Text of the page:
Guelph council asks province to put brakes on proposed housing legislation

Guelph city hall. Matt Carty / Global News

City Council in Guelph, Ont., is not convinced that the province’s proposed legislation aimed at increasing housing supply will do the trick.

Councillors unanimously passed a series of motions Tuesday asking the government to reconsider the More Homes for Everyone Act and the Mores Homes Built Faster Act.

The two bills are meant to construct up to 1.5 million housing units in Ontario within the next 10 years – 18,000 would be built in Guelph.

But Mayor Cam Guthrie, who is a proponent of more housing especially affordable housing, believes the bills will likely do the opposite.

“It will probably bring up more problems, more costs, all borne on the local existing taxpayers,” said Guthrie. “As the mayor, I am going to be standing up against that all day long.”

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Click to play video: 'Survey finds growing concern over housing affordability'
Survey finds growing concern over housing affordability

Council believes municipalities like Guelph will end up paying for the costs being proposed in the legislation. Coun. Cathy Downer compares this to the downloading of the cost of programs by the Mike Harris government in the 1990s.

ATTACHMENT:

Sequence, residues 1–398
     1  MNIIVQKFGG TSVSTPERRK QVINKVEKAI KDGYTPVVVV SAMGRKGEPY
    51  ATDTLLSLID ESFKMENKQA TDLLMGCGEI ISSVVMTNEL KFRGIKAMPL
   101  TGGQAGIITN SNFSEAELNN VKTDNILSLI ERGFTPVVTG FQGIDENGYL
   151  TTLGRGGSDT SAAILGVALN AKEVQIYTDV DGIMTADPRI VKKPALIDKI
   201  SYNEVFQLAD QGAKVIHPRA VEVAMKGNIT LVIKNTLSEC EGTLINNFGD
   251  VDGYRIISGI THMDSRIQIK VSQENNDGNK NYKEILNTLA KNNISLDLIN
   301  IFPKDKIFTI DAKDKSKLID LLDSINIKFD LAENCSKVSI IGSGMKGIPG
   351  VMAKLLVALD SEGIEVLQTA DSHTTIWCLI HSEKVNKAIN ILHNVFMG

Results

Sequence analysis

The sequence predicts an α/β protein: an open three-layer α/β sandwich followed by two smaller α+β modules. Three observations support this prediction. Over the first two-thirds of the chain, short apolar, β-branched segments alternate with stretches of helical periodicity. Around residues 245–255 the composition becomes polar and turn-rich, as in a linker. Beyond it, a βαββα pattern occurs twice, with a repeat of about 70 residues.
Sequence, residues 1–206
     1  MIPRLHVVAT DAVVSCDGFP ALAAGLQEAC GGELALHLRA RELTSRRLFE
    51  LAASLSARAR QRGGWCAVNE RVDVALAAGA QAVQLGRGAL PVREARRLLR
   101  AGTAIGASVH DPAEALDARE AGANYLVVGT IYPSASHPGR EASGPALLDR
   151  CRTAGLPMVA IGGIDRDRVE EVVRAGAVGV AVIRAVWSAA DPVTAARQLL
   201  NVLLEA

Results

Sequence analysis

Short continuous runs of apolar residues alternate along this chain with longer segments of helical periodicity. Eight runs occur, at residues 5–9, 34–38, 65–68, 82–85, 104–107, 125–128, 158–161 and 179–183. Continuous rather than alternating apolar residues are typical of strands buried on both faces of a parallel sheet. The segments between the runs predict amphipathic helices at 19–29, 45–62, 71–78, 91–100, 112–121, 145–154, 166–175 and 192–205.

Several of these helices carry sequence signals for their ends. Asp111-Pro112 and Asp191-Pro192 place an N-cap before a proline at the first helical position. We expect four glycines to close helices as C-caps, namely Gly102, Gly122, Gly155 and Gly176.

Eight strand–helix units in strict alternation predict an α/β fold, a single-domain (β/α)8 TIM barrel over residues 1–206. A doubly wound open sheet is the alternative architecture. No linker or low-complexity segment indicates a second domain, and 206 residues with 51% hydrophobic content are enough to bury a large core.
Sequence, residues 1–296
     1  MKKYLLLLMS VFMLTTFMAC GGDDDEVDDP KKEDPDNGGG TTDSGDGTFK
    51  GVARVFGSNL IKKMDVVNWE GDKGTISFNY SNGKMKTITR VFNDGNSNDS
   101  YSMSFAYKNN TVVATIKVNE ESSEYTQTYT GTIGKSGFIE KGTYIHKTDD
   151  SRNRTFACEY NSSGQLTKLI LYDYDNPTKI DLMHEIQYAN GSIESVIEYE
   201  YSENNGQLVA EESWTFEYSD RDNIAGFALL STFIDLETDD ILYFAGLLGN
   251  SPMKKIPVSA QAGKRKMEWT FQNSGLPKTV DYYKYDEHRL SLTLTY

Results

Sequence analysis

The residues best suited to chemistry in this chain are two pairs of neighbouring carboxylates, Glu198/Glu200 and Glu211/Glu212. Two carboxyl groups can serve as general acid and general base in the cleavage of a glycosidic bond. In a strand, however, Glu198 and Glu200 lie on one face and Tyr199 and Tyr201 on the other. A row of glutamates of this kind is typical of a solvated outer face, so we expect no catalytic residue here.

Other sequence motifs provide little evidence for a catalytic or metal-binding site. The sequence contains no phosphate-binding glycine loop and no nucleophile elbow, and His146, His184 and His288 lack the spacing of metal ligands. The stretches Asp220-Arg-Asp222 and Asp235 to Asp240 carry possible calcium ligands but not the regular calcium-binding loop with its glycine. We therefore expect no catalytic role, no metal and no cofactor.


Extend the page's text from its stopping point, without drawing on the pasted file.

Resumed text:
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“It’s just a repeat of that,” said Downer. “I just have to express how disappointing and outraged I am about this.”

Staff made presentations to council on the impact of the proposed legislation. More than a dozen people also spoke as a delegation at the meeting including Shakiba Shayani from the Guelph Chamber of Commerce. All were worried about how the legislation would impact things like the environment and affordability.

Coun. Phil Allt suggested the legislation was flawed for several reasons. “Not addressing water depletion, clearly identifying tax increases as something that will be the norm, social housing not being truly addressed, and recreational and cultural facilities being imperiled. I think I’m going to have to say to the province, not a good planning exercise is it?”

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Council has also directed staff to prepare, though, in the event the legislation is passed as is. That includes making changes to the development application fee structure and adding more staff.

Guthrie said the solution to the housing crisis is to have the province work together with municipalities.

“I think they are going down the wrong path,” said Guthrie. “That will not increase housing, will not help with affordability, and will just raise taxes.”

Click to play video: 'New housing bill would download affordable housing targets onto cities'
New housing bill would download affordable housing targets onto cities

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